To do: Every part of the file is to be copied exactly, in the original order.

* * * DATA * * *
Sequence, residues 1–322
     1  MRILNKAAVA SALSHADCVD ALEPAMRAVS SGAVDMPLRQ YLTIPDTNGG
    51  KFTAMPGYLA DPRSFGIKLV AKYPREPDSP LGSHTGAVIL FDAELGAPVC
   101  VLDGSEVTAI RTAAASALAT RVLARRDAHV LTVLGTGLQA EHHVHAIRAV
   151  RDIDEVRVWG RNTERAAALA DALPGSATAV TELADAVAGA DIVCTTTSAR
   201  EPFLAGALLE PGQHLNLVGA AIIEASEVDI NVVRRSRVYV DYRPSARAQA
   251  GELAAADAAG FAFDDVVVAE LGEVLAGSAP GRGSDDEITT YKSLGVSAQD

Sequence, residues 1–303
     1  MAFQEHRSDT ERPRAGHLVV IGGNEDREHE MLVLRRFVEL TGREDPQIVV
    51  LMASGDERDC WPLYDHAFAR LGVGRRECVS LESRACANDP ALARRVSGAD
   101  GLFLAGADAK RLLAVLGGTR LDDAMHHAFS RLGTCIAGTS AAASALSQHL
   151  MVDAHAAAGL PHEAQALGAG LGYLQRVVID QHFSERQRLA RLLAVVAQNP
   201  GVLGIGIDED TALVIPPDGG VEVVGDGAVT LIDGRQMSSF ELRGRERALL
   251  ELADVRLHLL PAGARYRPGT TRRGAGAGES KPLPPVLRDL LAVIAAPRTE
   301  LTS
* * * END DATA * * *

Sequence, residues 1–322
     1  MRILNKAAVA SALSHADCVD ALEPAMRAVS SGAVDMPLRQ YLTIPDTNGG
    51  KFTAMPGYLA DPRSFGIKLV AKYPREPDSP LGSHTGAVIL FDAELGAPVC
   101  VLDGSEVTAI RTAAASALAT RVLARRDAHV LTVLGTGLQA EHHVHAIRAV
   151  RDIDEVRVWG RNTERAAALA DALPGSATAV TELADAVAGA DIVCTTTSAR
   201  EPFLAGALLE PGQHLNLVGA AIIEASEVDI NVVRRSRVYV DYRPSARAQA
   251  GELAAADAAG FAFDDVVVAE LGEVLAGSAP GRGSDDEITT YKSLGVSAQD

Sequence, residues 1–303
     1  MAFQEHRSDT ERPRAGHLVV IGGNEDREHE MLVLRRFVEL TGREDPQIVV
    51  LMASGDERDC WPLYDHAFAR LGVGRRECVS LESRACANDP ALARRVSGAD
   101  GLFLAGADAK RLLAVLGGTR LDDAMHHAFS RLGTCIAGTS AAASALSQHL
   151  MVDAHAAAGL PHEAQALGAG LGYLQRVVID QHFSERQRLA RLLAVVAQNP
   201  GVLGIGIDED TALVIPPDGG VEVVGDGAVT LIDGRQMSSF ELRGRERALL
   251  ELADVRLHLL PAGARYRPGT TRRGAGAGES KPLPPVLRDL LAVIAAPRTE
   301  LTS